Construction defects can result in construction litigation

by | Nov 13, 2017 | Construction Litigation |

One of the things that New York City is most famous for is buildings. There are buildings in the area that are known all over the world. Of course, among the famous ones, there are others that are known only to those who walk the streets of the city and encounter those buildings in their day-to-day lives. One thing that all of the buildings have in common is that they started out as construction projects. When something goes wrong with one of them, there may be construction litigation.

One basis for litigation is the claim that a building has construction defects that result in ongoing problems and are directly attributable to one or more of the individuals or companies who were involved in the construction process. A construction defect is legally defined by each state, and definitions tend to include defects in the design, workmanship, materials or systems of a project when any of those result in the failure of any part of a building or other structure in a way that causes damage to either persons or property.

Naturally, there are disagreements between the owners and occupants of a building and those who are responsible for its construction as to whether or not any given problem can be characterized as a construction defect. The resolution of those disagreements determines who will pay to fix the problem, and doing so can often be extremely expensive. Some construction defects can be found and identified quickly, since they are obvious to people conducting inspections, including inspections that are done during the construction process. Those are called patent defects.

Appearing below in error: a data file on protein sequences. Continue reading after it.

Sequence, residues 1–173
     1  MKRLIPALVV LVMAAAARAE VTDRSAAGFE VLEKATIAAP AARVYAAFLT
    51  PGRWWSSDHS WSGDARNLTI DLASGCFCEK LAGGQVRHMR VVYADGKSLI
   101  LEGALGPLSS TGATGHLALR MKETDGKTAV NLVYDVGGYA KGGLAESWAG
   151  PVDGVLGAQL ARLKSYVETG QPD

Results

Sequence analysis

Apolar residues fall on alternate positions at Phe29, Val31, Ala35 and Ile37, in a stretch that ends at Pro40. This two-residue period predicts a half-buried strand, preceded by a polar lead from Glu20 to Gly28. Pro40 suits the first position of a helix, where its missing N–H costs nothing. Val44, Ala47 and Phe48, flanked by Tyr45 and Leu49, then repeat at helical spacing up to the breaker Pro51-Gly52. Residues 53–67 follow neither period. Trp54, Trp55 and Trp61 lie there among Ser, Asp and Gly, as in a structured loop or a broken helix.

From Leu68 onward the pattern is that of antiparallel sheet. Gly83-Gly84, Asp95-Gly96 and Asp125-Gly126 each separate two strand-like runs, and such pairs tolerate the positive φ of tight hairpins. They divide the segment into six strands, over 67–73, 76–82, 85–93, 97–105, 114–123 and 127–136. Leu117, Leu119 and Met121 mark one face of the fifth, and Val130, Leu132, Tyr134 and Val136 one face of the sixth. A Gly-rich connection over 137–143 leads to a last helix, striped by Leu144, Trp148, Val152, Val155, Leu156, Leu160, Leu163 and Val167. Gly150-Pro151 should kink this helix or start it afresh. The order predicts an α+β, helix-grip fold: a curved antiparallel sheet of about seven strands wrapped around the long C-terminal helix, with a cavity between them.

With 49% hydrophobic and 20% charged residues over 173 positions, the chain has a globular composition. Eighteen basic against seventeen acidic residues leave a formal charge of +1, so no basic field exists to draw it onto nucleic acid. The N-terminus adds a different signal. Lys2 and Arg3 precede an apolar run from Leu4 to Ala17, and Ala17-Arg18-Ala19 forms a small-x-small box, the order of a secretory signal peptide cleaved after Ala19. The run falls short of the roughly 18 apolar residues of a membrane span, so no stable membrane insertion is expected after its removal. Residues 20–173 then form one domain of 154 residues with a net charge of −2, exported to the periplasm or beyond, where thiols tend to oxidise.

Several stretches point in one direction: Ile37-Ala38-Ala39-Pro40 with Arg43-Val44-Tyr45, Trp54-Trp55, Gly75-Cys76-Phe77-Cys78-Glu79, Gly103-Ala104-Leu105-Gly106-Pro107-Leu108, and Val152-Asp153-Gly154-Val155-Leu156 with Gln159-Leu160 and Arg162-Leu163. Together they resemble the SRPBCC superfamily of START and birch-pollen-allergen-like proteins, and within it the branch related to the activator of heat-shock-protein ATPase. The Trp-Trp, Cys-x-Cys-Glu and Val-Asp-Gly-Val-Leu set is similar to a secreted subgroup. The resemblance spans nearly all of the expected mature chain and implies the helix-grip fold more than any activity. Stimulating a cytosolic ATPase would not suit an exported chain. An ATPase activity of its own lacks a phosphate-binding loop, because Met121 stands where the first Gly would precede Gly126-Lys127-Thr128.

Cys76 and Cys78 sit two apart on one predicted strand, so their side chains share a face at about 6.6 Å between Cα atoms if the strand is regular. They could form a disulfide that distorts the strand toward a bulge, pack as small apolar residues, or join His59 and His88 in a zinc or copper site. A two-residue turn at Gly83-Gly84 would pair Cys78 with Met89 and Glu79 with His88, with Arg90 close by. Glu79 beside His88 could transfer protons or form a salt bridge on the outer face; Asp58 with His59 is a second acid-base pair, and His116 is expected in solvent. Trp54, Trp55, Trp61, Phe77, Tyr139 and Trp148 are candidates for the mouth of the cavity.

There are also latent defects, however, which are defects that are concealed and thus may not be discovered until they start causing readily apparent problems. In both cases, those pursuing litigation about the defects can benefit from the advice of an experienced attorney.

Source: Modern Contractor Solutions Magazine, “What is a Construction Defect?” Jessica J. Alley, accessed Nov. 8, 2017